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HIV and Sexual and Reproductive Health in the District of Columbia, Recommendations From HIV-Positive Women

July 5, 2012

"I am somebody's mother, I am somebody's aunt, I am somebody's cousin and I am a human being and I want to be treated as such"

-- HIV-positive woman

Since the early years of the HIV epidemic, women living with and affected by HIV have fought to see their sexual and reproductive health concerns adequately addressed by researchers, funders and policymakers. Over the years, this struggle has seen both progress and challenges. At The Women's Collective (TWC), our experience providing case management and prevention services to women serves as a daily reminder that this issue is being overlooked to the detriment of women in our community. In late 2011, TWC conducted a series of focus groups to first determine the gaps in sexual and reproductive health services, as identified by Washington D.C.'s HIV-positive women themselves, and second develop a set of recommendations to address those gaps.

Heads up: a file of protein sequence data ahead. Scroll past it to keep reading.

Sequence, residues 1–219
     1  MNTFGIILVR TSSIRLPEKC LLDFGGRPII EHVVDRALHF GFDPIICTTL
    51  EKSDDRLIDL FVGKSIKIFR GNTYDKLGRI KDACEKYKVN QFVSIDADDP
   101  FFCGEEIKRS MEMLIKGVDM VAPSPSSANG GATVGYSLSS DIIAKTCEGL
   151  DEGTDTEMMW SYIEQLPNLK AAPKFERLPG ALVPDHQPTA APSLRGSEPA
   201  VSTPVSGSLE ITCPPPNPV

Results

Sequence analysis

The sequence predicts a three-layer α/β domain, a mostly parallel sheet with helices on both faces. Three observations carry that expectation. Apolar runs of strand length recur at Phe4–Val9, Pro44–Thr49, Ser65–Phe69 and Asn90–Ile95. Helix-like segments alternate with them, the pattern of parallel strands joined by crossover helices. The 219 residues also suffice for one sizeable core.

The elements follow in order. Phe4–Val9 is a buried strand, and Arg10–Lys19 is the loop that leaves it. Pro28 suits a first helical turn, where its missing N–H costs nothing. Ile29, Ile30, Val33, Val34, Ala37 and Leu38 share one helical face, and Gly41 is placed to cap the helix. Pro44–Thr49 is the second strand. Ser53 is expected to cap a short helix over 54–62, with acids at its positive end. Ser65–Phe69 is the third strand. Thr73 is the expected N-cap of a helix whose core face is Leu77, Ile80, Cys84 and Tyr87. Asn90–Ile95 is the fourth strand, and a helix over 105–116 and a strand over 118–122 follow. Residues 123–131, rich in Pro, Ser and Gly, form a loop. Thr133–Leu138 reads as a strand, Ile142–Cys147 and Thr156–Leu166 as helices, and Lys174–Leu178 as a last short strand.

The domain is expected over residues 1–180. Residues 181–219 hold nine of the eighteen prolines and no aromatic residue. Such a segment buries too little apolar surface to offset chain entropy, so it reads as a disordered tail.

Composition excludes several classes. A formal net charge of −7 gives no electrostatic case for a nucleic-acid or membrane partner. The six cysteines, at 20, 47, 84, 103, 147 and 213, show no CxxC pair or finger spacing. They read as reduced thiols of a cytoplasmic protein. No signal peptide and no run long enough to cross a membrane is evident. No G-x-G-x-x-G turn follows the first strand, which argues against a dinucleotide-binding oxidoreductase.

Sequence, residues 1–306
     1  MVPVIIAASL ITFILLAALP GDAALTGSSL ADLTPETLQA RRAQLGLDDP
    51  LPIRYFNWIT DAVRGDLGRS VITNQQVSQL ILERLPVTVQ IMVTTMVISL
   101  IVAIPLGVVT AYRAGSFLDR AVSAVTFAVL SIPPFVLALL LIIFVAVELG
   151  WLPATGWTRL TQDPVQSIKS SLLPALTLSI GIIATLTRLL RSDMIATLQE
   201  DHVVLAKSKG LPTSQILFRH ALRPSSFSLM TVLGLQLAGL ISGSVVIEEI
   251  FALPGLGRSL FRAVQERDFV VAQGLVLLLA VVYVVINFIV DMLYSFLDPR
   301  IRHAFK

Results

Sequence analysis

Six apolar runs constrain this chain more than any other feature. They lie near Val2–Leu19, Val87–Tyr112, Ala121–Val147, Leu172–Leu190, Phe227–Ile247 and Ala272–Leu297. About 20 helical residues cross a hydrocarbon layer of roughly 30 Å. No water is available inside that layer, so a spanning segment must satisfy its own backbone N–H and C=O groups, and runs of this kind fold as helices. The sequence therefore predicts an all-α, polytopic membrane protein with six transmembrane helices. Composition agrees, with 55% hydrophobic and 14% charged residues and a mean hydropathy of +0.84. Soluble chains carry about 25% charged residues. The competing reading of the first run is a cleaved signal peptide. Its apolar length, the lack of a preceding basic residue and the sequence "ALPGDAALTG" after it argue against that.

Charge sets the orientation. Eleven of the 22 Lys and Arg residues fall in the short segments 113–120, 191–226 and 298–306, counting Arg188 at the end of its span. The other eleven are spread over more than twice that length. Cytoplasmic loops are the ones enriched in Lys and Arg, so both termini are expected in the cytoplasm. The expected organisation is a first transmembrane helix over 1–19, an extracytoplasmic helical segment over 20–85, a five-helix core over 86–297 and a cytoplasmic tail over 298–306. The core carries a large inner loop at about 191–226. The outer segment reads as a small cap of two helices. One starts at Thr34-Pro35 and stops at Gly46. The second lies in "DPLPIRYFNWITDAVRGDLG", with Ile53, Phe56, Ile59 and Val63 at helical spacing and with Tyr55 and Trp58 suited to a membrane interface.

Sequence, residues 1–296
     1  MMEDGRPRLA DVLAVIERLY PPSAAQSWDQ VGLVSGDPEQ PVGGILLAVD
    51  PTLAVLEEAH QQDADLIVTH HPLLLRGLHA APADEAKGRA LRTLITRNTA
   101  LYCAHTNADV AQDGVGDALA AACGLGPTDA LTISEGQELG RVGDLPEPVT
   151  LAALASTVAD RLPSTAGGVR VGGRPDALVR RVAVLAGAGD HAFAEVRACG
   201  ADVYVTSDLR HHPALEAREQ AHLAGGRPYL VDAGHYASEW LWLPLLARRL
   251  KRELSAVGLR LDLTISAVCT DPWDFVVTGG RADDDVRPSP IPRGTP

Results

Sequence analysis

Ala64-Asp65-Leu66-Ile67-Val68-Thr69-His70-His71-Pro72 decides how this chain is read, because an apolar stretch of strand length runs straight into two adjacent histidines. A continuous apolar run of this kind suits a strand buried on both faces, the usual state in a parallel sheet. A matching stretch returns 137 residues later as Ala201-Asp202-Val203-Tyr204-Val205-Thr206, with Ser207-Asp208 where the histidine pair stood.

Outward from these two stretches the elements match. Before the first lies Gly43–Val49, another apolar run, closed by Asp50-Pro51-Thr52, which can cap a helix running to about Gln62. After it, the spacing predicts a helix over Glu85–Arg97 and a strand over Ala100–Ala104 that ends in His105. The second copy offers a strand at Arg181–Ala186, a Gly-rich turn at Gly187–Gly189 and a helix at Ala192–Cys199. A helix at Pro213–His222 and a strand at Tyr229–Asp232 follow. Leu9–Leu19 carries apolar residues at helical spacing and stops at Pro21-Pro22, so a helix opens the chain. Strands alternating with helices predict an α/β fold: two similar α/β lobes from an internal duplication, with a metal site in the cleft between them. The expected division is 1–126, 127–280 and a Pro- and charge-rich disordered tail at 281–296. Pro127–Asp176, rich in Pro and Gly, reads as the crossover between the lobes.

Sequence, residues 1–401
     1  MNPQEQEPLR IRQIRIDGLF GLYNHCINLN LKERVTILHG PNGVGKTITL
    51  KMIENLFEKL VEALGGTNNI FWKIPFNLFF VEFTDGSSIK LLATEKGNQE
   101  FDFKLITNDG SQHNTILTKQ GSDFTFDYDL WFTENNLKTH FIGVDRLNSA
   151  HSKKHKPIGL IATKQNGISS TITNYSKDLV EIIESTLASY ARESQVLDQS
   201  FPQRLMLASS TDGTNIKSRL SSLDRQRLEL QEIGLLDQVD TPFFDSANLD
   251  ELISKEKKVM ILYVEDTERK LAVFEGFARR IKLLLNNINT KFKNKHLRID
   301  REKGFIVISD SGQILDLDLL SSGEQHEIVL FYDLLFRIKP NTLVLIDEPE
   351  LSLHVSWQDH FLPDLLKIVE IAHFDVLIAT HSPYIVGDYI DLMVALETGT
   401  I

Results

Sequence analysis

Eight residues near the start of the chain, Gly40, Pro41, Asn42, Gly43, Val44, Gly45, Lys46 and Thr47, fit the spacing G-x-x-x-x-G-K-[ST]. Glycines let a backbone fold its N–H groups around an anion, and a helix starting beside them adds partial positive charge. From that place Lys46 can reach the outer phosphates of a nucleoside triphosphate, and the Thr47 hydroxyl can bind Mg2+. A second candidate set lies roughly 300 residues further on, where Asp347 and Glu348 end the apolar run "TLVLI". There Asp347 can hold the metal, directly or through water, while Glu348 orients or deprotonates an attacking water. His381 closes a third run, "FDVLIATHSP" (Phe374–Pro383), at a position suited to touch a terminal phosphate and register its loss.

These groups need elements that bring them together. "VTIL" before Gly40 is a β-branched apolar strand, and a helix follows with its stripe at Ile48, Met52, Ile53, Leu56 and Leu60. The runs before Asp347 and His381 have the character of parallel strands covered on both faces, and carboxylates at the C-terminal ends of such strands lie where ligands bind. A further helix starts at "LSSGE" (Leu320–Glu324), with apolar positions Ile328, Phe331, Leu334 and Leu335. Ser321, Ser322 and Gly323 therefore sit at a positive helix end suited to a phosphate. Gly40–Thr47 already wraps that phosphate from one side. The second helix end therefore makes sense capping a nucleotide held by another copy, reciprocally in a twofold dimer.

During the focus group dialogues, participants identified several challenges that affected their understanding of, access to, and utilization of sexual and reproductive health services. These were: 1) the need for mental health support; 2) the failure of healthcare providers to connect HIV-positive women to counseling services; 3) a lack of coordination among infectious disease providers and obstetricians/gynecologists; 4) a disconnect between community based organizations and healthcare providers; 5) financial burdens; 6) stigma within the broader healthcare field; and 7) the need for greater self-empowerment among HIV-positive women.

Participants readily suggested recommendations for policymakers, healthcare providers, community based organizations, and other HIV-positive women to address the challenges they identified.

Recommendations to address women's needs include:

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The Women's Collective hopes that these recommendations will reach the ears of policymakers, healthcare professionals, CBOs, and other women living with HIV. Through a concerted effort, all stakeholders can end the HIV epidemic affecting women, girls, and their families. The complete research results can be found here. TWC thanks The Center for Women Policy Studies for the opportunity to publish these findings.




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